Beaufort County shelter takes in 72 animals in 2 days

July 4 holiday week typically one of year's busiest

cconley@islandpacket.comJuly 3, 2013 

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Animal care technician Antwon Daley pets a 4-year-old pitbull Wednesday at Beaufort County Animal Shelter and Control in Beaufort. The dog was found wandering along Red Cedar Street in Bluffton. This time of the year is the busiest for the shelter as thunderstorms and fireworks spook pets away from yards and homes.

SARAH WELLIVER — Sarah Welliver Buy Photo

The Beaufort County Animal Shelter took in 72 dogs and cats on Monday and Tuesday, the start of one of the year's busiest weeks for local animal rescue groups.

Shelter director Tallulah Trice believes many of the dogs have owners, but so far none has contacted the shelter looking for a lost pet.

"We have a black Lab from Bluffton who has an electric collar on, and he has been here for a week now," she said Wednesday. "I don't know if the family is out of town, or they don't know to call us."

Summer tends to be a busy season at the county-operated shelter. Frequent summer thunderstorms can easily spook even the most even-tempered dogs, causing them to dart from a house or run through invisible electric fences, she said.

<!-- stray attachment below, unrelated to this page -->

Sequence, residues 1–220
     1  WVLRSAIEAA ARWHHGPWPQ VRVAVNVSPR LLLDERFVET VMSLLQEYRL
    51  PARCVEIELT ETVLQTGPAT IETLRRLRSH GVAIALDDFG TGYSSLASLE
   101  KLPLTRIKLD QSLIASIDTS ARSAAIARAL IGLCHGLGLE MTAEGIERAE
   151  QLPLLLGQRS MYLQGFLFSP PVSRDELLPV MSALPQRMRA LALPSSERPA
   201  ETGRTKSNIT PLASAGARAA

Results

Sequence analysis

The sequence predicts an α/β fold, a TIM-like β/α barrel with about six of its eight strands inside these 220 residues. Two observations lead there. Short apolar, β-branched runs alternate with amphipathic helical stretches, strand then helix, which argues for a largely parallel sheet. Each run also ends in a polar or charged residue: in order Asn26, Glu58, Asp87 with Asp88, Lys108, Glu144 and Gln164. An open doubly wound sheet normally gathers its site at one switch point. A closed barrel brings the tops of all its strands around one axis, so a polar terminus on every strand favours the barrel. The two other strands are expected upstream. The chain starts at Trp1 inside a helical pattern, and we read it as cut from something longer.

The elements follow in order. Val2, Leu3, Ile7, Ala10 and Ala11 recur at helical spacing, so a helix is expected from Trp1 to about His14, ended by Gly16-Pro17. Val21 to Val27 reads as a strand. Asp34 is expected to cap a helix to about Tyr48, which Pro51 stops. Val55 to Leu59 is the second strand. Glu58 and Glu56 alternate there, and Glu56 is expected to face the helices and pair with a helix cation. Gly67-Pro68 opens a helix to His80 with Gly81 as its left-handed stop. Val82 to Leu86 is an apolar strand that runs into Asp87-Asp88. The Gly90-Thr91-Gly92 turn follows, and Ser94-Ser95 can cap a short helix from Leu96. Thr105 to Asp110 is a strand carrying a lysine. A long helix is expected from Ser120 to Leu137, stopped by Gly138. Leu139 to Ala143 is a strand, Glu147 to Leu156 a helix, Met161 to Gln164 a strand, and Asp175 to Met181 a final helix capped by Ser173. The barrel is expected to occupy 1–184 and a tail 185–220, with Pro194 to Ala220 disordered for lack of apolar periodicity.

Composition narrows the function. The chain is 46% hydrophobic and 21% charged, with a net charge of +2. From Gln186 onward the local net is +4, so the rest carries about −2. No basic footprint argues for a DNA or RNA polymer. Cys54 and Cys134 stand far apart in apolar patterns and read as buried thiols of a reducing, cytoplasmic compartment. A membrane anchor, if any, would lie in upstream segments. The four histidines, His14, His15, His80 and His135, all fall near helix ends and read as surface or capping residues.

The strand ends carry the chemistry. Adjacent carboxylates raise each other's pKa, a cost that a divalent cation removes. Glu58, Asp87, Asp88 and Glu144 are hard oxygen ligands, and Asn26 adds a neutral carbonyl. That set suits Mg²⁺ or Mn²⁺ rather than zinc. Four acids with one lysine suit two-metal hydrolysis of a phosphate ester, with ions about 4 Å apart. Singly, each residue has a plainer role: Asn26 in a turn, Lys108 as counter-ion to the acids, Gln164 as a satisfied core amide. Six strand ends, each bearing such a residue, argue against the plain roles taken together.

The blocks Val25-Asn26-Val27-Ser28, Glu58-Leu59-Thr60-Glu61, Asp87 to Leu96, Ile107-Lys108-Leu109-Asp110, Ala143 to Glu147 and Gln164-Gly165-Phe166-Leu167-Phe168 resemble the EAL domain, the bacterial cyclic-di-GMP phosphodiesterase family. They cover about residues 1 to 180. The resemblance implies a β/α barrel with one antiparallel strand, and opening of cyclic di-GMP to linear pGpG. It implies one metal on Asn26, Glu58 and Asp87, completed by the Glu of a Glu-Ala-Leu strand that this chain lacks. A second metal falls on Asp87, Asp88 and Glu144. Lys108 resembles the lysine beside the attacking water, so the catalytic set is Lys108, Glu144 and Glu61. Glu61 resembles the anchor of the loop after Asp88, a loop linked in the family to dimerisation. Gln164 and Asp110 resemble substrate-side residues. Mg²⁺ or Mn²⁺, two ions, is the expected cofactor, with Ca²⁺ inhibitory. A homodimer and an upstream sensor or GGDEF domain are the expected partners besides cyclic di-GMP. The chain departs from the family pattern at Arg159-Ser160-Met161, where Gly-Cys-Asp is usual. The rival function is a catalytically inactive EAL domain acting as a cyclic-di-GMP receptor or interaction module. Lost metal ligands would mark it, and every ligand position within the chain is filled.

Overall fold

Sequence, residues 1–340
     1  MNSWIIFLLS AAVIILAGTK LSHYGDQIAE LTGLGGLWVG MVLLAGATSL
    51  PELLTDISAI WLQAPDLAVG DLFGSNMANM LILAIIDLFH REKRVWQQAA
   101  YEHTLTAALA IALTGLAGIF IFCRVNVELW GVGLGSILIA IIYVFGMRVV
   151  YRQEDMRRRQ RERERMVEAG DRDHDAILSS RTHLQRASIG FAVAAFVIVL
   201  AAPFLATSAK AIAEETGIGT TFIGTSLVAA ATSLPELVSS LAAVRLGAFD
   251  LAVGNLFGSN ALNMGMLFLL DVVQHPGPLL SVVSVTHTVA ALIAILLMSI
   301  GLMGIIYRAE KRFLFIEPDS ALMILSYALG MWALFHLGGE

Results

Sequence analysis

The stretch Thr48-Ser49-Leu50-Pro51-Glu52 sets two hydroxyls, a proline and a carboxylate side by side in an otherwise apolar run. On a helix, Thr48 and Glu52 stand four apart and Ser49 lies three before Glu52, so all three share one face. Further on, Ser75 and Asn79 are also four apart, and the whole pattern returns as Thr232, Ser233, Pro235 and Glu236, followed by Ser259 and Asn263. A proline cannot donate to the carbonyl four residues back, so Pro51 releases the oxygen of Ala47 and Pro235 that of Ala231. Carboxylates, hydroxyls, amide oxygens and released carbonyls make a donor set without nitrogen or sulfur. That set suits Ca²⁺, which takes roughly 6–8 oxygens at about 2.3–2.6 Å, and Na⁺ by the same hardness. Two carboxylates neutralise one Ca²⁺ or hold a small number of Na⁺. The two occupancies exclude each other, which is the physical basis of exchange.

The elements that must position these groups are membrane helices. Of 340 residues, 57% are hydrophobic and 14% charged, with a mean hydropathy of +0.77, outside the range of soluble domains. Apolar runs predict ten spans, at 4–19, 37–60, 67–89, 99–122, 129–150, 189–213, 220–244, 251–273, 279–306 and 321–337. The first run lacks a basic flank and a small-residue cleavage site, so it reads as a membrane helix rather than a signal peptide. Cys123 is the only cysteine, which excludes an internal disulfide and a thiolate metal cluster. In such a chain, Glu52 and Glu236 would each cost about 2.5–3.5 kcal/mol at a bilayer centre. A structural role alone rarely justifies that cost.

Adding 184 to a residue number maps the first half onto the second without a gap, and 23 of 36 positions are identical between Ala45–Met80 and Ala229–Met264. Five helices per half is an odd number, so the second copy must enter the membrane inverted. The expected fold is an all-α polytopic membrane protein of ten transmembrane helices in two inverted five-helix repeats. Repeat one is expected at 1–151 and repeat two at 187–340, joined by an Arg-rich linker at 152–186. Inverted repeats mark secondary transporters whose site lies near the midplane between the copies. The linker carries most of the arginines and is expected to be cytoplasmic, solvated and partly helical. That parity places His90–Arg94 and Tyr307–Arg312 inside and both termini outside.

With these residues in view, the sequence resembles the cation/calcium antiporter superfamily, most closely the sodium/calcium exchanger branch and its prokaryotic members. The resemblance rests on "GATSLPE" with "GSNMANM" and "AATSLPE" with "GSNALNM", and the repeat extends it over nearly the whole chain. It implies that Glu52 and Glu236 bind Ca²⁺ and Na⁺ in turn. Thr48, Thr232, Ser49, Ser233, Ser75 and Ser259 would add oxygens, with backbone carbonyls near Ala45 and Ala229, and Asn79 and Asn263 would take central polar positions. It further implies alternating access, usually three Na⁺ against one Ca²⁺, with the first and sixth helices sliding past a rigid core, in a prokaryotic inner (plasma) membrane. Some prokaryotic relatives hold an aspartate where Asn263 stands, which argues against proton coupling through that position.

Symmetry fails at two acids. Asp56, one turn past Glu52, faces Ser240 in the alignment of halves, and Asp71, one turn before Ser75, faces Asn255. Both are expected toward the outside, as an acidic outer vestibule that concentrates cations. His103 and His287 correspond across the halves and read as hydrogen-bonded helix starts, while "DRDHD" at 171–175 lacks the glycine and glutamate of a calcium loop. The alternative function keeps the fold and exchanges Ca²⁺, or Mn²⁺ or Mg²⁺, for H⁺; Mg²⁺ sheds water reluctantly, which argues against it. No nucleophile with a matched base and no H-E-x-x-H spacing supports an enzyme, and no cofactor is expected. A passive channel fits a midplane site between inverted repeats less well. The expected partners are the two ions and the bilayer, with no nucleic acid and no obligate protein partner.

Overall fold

The July 4 holiday is also one of the busiest times at the shelter, when fireworks spook pets.

The shelter received 48 dogs and cats on Monday and 24 on Tuesday. The average entry rate is about 14 animals per day, according to county records.

Photographs are taken of most stray dogs that arrive and are posted on the shelter's Facebook page. Pets in the photos are often recognized by the owners' neighbors or friends, Trice said.

Attempts also are made to track pet owners using microchips, although Trice says these devices often are not registered, or they contain outdated information.

State law requires the county shelter to keep animals for at least five days, although dogs that appear to have owners are held for two weeks or longer. Beyond that, most adoptable dogs are transferred to local partners for adoption, or are sent to cities such as Richmond, Va., or Washington, D.C., for adoption.

Franny Gerthoffer, executive director of Hilton Head Humane Association, which partners with the county shelter for animal adoptions and medical treatment, says there are simple ways to keep pets safe during the summer.

For instance, even the best dogs should be left at home during fireworks shows.

Even if you "think you have world's greatest pet, this is when you leave it at home," she said, adding that it's not uncommon for dogs to run away and get lost during these events.

Visitors and residents should make sure their homes are secured to prevent spooked animals from getting out during storms, fireworks shows or other events that create loud noises, she said. Air conditioning also should be kept on to keep the animals cool.

Whenever possible, the humane association will make crates available to visitors who bring their pets to the island and need a place to confine them.

Follow reporter Casey Conley at twitter.com/IPBG_Casey.

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